Home Storage & Handling Macro Ingredients Plant and animal nutrient sources for dry petfood

Plant and animal nutrient sources for dry petfood

Plant and animal nutrient sources for dry petfood

The sources of nutrients for dry foods, which represent 96 percent of sales in Latin America and are therefore a very important source of commercial transactions. Although most of these ingredients are used in food for all types of animals, it is very important to define an exclusive specification for pets that considers one of the most important parameters of our industry to achieve success: the sensory properties, specifically the palatability of the individual ingredients.

Ingredients used in all market segments

Corn (Zea mays) 

Corn is the most used raw material in the petfood industry, representing in some products up to 60 percent of its formulation. In each ingredient there will be focus on a technical aspect of quality. Since corn represents 50 percent of the purchase volume, it is a very important ingredient from every aspect.

There are different genetic varieties of corn in the world, the most suitable for manufacturing petfood is yellow corn and in terms of commercial classifications it must comply with USDA grade 2 as a minimum.

Of all the quality requirements for yellow corn, the most important to control is the mycotoxin content, particularly aflatoxins, since pets are particularly sensitive to these contaminants. A thorough review of toxins from fungi is outside the limits of this work, we suggest going deeper into Munkvold (2).

It is important to mention that it is essential to have a very efficient sampling system to obtain representative portions of the several tons of corn that are received in a company monthly.

The most common specification for corn used in petfood is as follows:

Corn is one of the main sources of energy in food, as the energy comes from starches, amylose and amylopectin, which are also the main components to be modified by gelatinisation during the extrusion process. Therefore, it is an ingredient that has nutritional and functional properties. This is why the quality of the corn has an impact on the food format, the behaviour of the extrusion system, the digestibility and the density of the final product. These are all reasons that contribute to the fact that monitoring this ingredient is of utmost importance.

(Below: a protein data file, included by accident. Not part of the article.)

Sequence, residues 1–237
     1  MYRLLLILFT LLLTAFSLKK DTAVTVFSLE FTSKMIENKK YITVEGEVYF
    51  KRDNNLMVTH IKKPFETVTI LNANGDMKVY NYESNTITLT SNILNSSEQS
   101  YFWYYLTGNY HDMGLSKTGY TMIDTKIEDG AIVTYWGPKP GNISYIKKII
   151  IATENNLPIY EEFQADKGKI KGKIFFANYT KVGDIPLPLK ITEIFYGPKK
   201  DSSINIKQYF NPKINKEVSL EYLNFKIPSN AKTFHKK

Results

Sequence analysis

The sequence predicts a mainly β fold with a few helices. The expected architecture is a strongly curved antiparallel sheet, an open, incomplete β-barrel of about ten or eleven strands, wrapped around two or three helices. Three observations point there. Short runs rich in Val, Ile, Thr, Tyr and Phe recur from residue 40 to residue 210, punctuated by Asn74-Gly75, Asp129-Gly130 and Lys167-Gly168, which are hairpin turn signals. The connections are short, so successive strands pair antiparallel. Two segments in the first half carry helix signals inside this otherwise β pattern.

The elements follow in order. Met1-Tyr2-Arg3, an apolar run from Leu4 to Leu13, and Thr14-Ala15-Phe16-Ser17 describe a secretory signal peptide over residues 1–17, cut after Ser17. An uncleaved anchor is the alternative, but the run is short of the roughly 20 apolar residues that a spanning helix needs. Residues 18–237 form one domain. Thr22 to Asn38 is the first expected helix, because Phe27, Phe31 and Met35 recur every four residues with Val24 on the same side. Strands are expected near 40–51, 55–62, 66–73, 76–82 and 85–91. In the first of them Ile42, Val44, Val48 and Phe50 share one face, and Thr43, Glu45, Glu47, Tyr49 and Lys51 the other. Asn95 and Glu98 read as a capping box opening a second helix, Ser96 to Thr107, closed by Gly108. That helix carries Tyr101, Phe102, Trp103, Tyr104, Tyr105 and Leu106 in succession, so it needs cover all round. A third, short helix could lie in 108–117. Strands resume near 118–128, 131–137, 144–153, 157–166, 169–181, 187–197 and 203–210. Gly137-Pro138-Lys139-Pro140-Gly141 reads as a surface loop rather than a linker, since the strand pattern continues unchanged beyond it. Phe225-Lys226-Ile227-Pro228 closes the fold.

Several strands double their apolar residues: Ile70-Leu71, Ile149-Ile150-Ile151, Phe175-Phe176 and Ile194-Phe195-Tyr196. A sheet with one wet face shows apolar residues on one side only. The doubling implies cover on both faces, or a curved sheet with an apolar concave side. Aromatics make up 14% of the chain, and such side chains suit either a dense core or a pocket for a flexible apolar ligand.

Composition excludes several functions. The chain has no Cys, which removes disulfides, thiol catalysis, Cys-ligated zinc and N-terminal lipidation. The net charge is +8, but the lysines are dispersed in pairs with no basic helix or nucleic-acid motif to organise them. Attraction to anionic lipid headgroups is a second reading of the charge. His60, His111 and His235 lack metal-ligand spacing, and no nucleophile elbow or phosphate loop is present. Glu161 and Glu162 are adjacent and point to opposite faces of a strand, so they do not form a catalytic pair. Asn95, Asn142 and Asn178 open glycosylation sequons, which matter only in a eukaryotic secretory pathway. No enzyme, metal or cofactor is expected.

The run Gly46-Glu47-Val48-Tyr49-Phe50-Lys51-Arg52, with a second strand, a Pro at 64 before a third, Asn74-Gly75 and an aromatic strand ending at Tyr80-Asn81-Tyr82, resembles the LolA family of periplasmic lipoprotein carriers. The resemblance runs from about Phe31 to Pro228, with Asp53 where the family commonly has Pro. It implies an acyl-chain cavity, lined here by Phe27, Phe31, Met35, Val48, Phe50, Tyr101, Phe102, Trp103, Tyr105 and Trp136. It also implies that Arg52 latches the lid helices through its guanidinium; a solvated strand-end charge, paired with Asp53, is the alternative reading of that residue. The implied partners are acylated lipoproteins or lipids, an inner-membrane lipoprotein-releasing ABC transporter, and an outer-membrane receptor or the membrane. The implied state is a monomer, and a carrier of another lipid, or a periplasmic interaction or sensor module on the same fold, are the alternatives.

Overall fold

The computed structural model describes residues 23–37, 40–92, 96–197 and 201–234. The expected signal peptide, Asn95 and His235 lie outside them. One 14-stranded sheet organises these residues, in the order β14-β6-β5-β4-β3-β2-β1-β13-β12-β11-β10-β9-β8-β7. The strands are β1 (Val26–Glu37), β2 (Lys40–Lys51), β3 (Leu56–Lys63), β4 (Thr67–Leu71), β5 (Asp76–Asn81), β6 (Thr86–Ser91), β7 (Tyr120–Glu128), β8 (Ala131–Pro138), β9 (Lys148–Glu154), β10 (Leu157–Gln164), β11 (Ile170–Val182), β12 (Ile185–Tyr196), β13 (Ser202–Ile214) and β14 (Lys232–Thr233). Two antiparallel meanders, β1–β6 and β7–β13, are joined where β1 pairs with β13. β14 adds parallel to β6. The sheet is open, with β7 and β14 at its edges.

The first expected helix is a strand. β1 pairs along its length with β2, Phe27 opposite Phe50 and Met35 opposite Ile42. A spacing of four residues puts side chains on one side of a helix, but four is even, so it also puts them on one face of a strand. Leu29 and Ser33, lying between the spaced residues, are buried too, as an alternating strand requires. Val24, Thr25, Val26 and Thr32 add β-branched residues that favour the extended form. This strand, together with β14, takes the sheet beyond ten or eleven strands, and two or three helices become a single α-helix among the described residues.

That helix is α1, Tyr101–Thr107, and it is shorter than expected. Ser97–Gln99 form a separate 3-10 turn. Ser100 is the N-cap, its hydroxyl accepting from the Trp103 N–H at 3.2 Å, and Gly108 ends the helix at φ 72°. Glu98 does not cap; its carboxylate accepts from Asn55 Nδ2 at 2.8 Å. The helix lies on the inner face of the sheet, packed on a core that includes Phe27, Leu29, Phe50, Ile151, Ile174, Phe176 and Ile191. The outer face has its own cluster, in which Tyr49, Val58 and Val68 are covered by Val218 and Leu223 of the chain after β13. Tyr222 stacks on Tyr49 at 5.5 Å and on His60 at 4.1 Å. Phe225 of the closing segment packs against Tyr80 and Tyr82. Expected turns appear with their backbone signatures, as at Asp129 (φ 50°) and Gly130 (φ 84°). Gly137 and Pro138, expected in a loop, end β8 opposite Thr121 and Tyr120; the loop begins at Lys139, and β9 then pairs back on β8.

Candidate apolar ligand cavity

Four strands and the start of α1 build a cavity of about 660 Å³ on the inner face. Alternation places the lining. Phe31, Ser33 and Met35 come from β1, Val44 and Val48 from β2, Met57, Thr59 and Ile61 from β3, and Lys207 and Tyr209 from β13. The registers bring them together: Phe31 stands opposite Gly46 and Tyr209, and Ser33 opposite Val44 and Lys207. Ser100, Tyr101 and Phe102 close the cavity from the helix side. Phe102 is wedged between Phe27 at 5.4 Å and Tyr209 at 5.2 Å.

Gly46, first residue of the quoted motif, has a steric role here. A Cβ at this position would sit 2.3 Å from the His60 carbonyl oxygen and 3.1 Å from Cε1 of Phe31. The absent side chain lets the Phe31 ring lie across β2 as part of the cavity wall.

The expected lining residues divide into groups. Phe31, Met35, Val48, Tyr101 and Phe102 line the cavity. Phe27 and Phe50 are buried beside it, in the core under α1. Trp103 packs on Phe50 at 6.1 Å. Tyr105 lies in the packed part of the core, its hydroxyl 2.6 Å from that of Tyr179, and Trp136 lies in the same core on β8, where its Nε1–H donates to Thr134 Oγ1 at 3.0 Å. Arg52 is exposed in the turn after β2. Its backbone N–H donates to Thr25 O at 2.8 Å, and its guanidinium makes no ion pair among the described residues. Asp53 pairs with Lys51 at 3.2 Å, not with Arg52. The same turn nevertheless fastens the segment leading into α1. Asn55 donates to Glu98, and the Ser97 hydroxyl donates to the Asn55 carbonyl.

Rice (Oryza sativa)

Rice is the third most used cereal worldwide in manufacturing petfood, in some regions it is used even more than corn since the price and availability are better comparatively. Rice has a better digestibility level than corn and its starches are also more functional in commercial extrusion systems. These two reasons place it as a cereal of choice in the formulation of premium diets that do not have the restriction of being grain-free.

The likelihood of contaminants in rice is comparatively lower than in corn, however, a careful mycotoxin analysis is essential before enabling its use in an industrial formulation. The quality parameters usually required for rice used in pet diets are: brewing broken rice, quarter grain or higher, without added additives. As seen, whole grain is not used in pets but broken grain, the fundamental reason is the cost of the whole grain and the fact of avoiding competition with human food. Since the broken grain is more likely to deteriorate it is very important to be strict with the quality control of this ingredient and with the storage conditions.

Animal fats (Chicken oil)

Chicken oil, beef tallow, pork tallow and fish oils are generally used as animal fats in the production of petfood. Samples of the first three fulfil functions of providing energy and flavor. Fish oil is fundamentally a source of unsaturated fatty acids omega 3 and 6. Due to the range of animal fats available, only chicken oil will be analysed, as the requirements applied to this ingredient are applicable to other fats from different species.

All animal by-products come from the remnants of the meat-processing industry for humans. For economic and environmental reasons all parts of the animals that are not consumed must be transformed into usable and non-polluting by-products. For example, from the poultry industry, after the chickens are processed, there are remaining feathers, blood, viscera and some unconsumed parts. The feathers are hydrolysed and converted into feather meal, the blood is spray dried and is a source of protein for the animal feed industry, and the viscera are cooked in digesters with steam and pressure. This generates two products: a high-content meal protein of great digestibility and palatability chicken gut meal, and chicken oil.

Given that the production processes of these animal ingredients are not completely standardised, it is very important to clearly define what you want to buy.

As observed, the definition of the ingredient involves the parts of the animal involved in the process, the type of manufacturing process, and the conditions of the raw material. Another important piece of information to be provided to suppliers in the product specification is the level and strategy of anti-oxidation of the fat, which is essential for the ingredient to be suitable for food manufacturing.